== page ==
Lou Clark knows lots of things. She knows how many footsteps there are between the bus stop and home. She knows she likes working in The Buttered Bun tea shop and she knows she might not love her boyfriend Patrick.
What Lou doesn't know is she's about to lose her job or that knowing what's coming is what keeps her sane.
Will Traynor knows his motorcycle accident took away his desire to live. He knows everything feels very small and rather joyless now and he knows exactly how he's going to put a stop to that.
What Will doesn't know is that Lou is about to burst into his world in a riot of colour. And neither of them knows they're going to change the other for all time.
Warning: This book is not a "romance" novel.
It has to be said, this book is not what I think of when I think of a romance. Sure, there is love in this book, but that isn't the primary focus. The focus is the psychological struggle that each character goes through. Will and Lou are fascinating characters that will stick with me for a long time. Their journeys are both staggeringly painful and inspiringly transformative.
I have to say, this book hit close to home in many ways. My uncle is wheelchair-bound with a severe case of MS and requires care almost round the clock. He has very limited use of his limbs and can't do basic things for himself like go to the bathroom, get dressed, or eat without help. Honestly, I have often wondered about his quality of life. I know what it is like to try to make conversation with someone who has done nothing for the past month except for watch movies in a small apartment. It is so difficult for everyone involved. It was painful for me to see this type of interaction in the story, compounded with the level of Will's despair and the amount that he has given up on life. I just kept making everything personal, making it even more difficult for me to read Will's story.
I also have a patient that is a quadriplegic who is in his 50s and has been a quad since he was in his early 20s. He is the same level of quadriplegic as Will, with only limited use of his hands and nothing else. This particular patient is incredibly inspiring because he went to college after his accident, got multiple degrees, and went on to be a very successful business man. He has made lots of adaptations to allow him to do the things that he does and, yes, he still needs to have nurses with him much of the time to help him with his basic needs. However, because of this patient's success, I found myself getting angry with Will that he said he couldn't possibly work in his condition. I wanted to scream at him at times.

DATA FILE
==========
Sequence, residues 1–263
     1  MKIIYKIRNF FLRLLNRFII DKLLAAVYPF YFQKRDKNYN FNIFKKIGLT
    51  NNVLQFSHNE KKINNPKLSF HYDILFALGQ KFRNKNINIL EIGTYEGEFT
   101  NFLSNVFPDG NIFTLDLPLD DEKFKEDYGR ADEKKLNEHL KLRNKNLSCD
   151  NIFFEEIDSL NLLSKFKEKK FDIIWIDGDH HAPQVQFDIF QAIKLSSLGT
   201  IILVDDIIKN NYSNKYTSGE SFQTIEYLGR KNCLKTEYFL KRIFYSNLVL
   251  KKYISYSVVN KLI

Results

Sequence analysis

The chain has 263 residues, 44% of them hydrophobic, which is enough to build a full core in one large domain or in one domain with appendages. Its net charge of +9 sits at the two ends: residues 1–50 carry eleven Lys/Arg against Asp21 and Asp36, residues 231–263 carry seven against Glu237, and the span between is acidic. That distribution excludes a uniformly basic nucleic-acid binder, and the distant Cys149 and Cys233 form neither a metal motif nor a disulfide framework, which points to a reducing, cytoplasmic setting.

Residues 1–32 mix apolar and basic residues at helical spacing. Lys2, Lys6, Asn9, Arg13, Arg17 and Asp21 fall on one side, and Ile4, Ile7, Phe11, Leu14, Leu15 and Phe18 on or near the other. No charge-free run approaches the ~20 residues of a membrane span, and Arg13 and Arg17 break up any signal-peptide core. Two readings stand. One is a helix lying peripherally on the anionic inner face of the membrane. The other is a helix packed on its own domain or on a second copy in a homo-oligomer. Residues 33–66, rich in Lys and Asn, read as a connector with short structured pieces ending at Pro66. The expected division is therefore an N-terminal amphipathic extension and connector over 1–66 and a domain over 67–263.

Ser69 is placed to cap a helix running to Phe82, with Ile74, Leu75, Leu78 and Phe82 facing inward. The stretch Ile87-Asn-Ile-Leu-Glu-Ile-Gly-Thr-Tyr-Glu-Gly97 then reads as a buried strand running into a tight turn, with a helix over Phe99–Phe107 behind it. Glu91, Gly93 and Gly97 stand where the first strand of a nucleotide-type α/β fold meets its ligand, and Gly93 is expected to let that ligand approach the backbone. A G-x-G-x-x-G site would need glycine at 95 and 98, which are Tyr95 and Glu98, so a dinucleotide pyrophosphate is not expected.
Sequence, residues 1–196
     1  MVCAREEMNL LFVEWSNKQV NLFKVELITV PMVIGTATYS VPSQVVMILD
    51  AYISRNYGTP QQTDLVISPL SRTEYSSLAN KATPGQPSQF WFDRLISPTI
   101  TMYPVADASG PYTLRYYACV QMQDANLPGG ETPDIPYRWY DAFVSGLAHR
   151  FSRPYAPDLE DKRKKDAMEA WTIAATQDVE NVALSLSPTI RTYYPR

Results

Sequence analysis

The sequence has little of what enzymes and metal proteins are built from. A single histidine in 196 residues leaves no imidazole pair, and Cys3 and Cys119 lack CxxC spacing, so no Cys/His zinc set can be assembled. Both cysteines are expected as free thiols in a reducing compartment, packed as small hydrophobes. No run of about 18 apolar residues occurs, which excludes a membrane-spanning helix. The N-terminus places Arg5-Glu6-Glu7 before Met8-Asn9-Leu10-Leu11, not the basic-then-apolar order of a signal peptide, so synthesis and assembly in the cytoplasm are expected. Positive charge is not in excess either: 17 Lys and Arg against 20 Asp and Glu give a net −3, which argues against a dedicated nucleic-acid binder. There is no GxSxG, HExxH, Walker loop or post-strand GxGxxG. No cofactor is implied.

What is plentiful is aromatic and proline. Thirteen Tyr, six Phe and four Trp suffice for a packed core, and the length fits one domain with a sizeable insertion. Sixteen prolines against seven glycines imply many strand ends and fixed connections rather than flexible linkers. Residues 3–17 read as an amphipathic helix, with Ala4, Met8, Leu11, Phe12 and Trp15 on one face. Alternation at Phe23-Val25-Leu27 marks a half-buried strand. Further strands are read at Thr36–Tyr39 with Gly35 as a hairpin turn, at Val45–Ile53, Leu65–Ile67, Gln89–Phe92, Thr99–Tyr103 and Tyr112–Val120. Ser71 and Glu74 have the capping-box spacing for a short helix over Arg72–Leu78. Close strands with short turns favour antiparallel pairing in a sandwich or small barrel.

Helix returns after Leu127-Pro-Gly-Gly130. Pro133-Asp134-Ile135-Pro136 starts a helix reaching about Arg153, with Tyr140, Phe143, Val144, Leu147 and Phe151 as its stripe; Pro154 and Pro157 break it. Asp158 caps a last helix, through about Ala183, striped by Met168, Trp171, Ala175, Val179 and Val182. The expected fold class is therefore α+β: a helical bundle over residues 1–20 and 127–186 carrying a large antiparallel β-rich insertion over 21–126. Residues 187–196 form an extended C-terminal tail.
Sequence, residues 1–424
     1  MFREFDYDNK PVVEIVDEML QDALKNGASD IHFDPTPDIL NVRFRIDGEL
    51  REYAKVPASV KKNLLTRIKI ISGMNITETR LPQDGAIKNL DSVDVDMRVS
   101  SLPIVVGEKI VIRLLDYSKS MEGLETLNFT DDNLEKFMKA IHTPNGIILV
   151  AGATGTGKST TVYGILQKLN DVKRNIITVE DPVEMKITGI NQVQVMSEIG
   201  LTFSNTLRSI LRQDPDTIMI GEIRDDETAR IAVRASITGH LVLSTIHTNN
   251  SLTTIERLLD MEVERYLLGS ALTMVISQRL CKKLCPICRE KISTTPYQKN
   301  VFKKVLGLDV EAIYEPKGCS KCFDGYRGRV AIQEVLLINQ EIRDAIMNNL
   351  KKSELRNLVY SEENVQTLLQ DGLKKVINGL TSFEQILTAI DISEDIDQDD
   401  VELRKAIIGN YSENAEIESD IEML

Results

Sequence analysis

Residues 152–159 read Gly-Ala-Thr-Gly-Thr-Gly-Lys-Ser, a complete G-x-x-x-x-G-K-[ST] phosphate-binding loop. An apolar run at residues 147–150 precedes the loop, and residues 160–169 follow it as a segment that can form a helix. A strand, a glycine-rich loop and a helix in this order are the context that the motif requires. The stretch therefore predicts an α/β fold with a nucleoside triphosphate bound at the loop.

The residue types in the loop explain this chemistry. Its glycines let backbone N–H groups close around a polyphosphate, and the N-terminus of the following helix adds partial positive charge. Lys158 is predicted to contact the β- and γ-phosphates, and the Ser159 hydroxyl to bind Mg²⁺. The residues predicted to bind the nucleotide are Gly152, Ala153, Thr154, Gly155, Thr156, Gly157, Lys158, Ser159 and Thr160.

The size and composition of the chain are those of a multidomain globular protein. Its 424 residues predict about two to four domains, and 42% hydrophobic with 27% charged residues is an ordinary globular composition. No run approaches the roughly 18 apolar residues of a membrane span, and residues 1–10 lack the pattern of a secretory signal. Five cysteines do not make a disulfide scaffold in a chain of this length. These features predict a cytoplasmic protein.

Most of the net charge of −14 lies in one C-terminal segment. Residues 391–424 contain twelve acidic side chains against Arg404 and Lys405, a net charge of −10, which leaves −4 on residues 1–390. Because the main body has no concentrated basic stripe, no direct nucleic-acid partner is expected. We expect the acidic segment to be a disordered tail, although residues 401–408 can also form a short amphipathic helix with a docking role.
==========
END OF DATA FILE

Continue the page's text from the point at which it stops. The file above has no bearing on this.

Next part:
I think the amount that I was affected by this book is really measured by how visceral my responses were to the story. I was near tears for much of the time and read the book with a sense of impending doom because I just knew, in my gut, what was coming.
I also was affected by Lou's story and what she went through emotional and psychologically during this book. I was with her with each up and down and really connected with her as a character.
Then why only 4 stars, you might ask? I think the author really made a big error by changing the POVs. I would have easily given this book 5 stars if we didn't have the chapters from Will's mother's POV and his nurses's POV. I think those shifts were pointless and really took me out of the story, emotionally. With a bit of editing, this book would have really been amazing, if still completely heart-breaking.
**Copy provided by the publisher in exchange for an honest review**
Hope you guys enjoy! <3
Buylinks are provided as a courtesy and do not constitute an endorsement of or affiliation with the author, book or booksellers listed.